2007 - 2020

Bithibh coma – stop being so polite

Uill, a’ Ghàidhlig chòir. Tòrr smuaintean a dol aig a h-uile duine, seo beagan meòrachadh bhuam fhìn [A few thoughts on the present situation about Gaelic. This is a very important juncture for Gaelic. English below].

Tha naidheachd mun rannsachadh ùr seo air eagal a chuir air grùnnd dhaoine. Tha tòrr ag radh air na meadhanan-sòisealta, “o bha fios againn gu robh seo a’ tighinn”, ach tha cuid eile (gu h-àraidh feadhain òga) air a ràdh “bha sinn dòchasach leis gu robh e faireachdain mar gu robh suidheachadh na Gàidhlig a’ fàs nas fhearr”.

’S e brath-naidheachd duilich a bh’ann anns na pàipearan, a’ foillseachadh rannsachadh ùr a chaidh a dheànamh air na figearan de luchd labhairt anns na coimhearsnachdan dùthchasail. Ach feumar uile tuigsinn gun deach am brath-naidheachd agus toraidhean an rannsachadh a dheanamh cho dubhach agus cho cianail airson’s gum biodh e buadhmhòr – gun deànadh e ‘stir’ agus gu feireadh sin putadh air a leithid Bòrd na Gàidhlig agus Comhairle nan Eilean Siar gus barrachd a dheànamh a dh’ionnsaigh taic a chumail ri coimhearsnachdan dùthchasach na Gàidhlig.

Chan eil mi ag ràdh nach eil tòrr dhe fìor, ach tha mi dhen bheachd gun bheil cunnart mòr ann bho droch bhuaidh an naidheachd thùrsach seo. Tha cunnart gu feir seo barrachd de dhroch bhuaidh air na coimhearsnachdan Gàidhealach na nì e de dh’fheum dhan na buidhnean sin gu h-àrd (ged a tha moladh an leabhair a thaobh Urras na Gàidhlig na bheachd dhòchasach). Dà eiseimpleir a tha air a bhith air m’inntinn:

– Nam biodh tusa nad phàrant agus tu gun d’ìnntinn a dheanamh suas an cuir thu do chuid chloinneadh dha Gàidhlig neo Beurla, (mur a biodh tu cianail làidir a thaobh a Ghàidhlig) an cuireadh tu do chuid chloinne a staigh do GME le naidheachdan tùrsach mun Ghàidhlig mun cuairt? Carson a bhodraigeadh tu airson cànan ionnsachadh a bhios marbh ann an deich bliadhna?

– Tha mise air a bhith a’ strì FAD MO BHEATHA gus am bruidhinn Gàidheil (eileanaich, bodaich is caillich, luchd labhaist tùsanach na Gàidhlig) a tha air a bhith eòlach orm fad mo bheatha, gu bruidhinn iad rium ann an Gàidhlig – agus fhathast cha bhruidhinn. Daoine a bha eòlach orm bho rugadh mi agus làn fhios aca gu bheil mi ag obair agus beò ann an saoghal làn de Ghàidhlig sa latha diugh, cha bhruidhinn iad rium ann an Gàidhlig air sgàths nach eil luach ann a bhith bruidhinn ri daoine òga sa Ghàidhlig. Chan atharraich sin mur a smaoinich daoine gu bheil i gu feum ’s nach eil i dol a mhaireann.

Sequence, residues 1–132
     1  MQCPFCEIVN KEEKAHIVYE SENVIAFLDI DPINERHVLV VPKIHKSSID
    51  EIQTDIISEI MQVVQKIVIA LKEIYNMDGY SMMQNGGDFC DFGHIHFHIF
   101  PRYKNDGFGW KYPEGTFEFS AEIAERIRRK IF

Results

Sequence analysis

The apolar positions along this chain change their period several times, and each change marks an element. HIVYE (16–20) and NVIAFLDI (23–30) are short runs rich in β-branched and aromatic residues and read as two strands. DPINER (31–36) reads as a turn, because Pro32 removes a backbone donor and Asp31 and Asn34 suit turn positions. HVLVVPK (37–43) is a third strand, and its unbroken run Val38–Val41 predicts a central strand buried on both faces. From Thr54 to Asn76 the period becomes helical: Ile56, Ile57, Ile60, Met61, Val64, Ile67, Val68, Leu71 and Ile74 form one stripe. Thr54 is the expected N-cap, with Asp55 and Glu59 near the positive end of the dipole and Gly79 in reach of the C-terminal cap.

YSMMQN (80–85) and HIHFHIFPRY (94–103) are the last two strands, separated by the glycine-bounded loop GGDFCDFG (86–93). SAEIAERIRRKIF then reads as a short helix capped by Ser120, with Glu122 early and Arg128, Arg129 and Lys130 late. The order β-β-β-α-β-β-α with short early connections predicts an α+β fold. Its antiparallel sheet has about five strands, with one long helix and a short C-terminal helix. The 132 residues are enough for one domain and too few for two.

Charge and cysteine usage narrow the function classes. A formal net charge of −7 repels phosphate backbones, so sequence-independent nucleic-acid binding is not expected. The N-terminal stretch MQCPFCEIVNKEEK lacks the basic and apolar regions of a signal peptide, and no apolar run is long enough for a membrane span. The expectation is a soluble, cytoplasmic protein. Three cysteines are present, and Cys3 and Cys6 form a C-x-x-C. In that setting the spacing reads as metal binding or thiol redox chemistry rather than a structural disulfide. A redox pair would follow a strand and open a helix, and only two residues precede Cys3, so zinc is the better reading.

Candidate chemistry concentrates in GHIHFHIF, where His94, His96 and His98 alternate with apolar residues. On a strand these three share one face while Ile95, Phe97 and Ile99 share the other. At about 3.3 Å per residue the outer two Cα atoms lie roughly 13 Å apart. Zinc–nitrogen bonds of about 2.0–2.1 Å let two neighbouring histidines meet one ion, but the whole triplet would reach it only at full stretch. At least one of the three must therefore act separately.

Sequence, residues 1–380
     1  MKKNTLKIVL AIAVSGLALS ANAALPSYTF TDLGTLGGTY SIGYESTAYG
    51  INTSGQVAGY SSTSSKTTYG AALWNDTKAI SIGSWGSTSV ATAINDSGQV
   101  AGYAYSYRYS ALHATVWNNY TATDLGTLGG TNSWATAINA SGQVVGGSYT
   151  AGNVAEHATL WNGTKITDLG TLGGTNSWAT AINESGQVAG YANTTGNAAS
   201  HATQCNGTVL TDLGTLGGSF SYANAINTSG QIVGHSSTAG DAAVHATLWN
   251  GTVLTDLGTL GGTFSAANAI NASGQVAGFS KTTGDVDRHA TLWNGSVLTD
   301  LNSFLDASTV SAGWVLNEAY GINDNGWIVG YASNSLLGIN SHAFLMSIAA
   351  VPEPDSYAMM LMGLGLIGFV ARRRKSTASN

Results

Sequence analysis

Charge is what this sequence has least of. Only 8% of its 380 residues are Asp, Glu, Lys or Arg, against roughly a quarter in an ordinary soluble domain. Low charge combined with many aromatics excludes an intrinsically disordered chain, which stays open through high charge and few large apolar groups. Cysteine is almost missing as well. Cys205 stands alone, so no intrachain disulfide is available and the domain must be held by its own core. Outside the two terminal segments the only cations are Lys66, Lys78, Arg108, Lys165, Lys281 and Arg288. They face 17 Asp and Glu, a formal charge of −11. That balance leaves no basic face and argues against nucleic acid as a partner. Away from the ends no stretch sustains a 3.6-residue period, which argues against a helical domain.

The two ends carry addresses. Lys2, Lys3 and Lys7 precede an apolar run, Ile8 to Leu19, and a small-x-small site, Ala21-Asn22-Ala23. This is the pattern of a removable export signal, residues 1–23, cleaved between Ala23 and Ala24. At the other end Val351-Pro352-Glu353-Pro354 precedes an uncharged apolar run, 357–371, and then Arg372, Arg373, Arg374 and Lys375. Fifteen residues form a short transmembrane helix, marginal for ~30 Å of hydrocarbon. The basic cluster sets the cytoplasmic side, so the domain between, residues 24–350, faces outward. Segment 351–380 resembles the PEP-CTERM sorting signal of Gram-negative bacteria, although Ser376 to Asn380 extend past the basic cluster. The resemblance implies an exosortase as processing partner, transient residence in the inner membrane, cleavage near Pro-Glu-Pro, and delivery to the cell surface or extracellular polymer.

Tha mise air a bhith a’ feuchainn ri bhith bruidhinn ri seann daoine ann an Gàidhlig fiù’s ma tha iad a’ freagairt ann am Beurla, ach air sgàth’s gu deach innse dhan na Gàidheil nach robh luach sa Ghàidhlig fad ceudan de bhliadhnaichean, cha freagar iad sa Ghàidhlig. ’S tha na Gàidheil fada ro mhodhail. Sin a tha a’ cuir stad air daoine bho bhith bruidhinn ri daoine eile sa chànan. Tha an aon teachdaireachd de dì-luach a’ nochdadh a rithist a lùib an rannsachadh ùr seo (ged nach iarradh an luchd rannsachaidh sin). Stad dheth. Dìreach bruidhinn ri daoine sa Ghàidhlig. Seann daoine. Daoine òga. Daoine is aithne dhut neo srainnsearan. Bodaich is cailleachan nan eilean, fiù’s ma bhruidhinneas iad Beurla riut. Bèibidhean, fiù’s mur a bruidhinn iad airais thugad. Bithibh coma – bruidhinn i.

Nam biodh tu nad phàrant neo nad bhodach/cailleach, agus fios agad a nis gu robh barrachd de chlann nan Eilean Siar a-staigh gu Faoghlam tro Mheadhan na Gàidhlig na bha roimhe, neo gu robh daoine dhe mo ghinealachsa a’ coinneachadh ’s a’ bruidhinn na Gàidhlig ann an taighean-seinnse a’ bhaile mhòr – bhiodh adhbhar ann cumail leis a’ chànan an uair sin. Feumaidh sinn an teachdaireachd seo a chumail an àird airson’s nach e ‘self fulfilling prophecy’ a th’anns an rannsachadh ùr.

Tha ath-bheothachadh air nochdadh sna beagan laithean mu dheireadh, le tòrr de Ghàidheil òga a’ cuir barrachd Gàidhlig air na meadhan-sòisealta, agus an iomairt #dèantainmathort. Tha sin sgoinneil, agus ‘se rud a tha soilleir mun a seo, ‘se gu feumar rudan a dheànamh sinn fhìn agus gun a bhith feitheamh air na h-ùghdarrasan agus buidhnean Gàidhlig a mhàin. Bithibh coma – bruidhinn i!

Gaelic hit the news last week with the publishing of a new book containing very thorough research on the state of Gaelic in the indigenous communities – like mine in Grimsay/Uist. The news is that it could die out in 10 years. A lot of folk have been talking about this on social media over the past few days. Some saying “Oh, we saw this coming” and others (particularly young folk) saying “I thought we were doing quite well and the language was on the way up”.

The news in the papers was disheartening. But we must understand the shock technique of this news is to cause panic and fear, so that the organisation such as Bòrd na Gàidhlig and Western Isles Council do more to help support the native Gaelic communities. I’m not saying that there is anything incorrect about the research, only that I’m worried that presenting it in this fashion will cause a negative impact on the Gaelic community that outweighs the change it seeks to provoke in the Gaelic organisations at the top. Two thoughts that have been circling in my mind: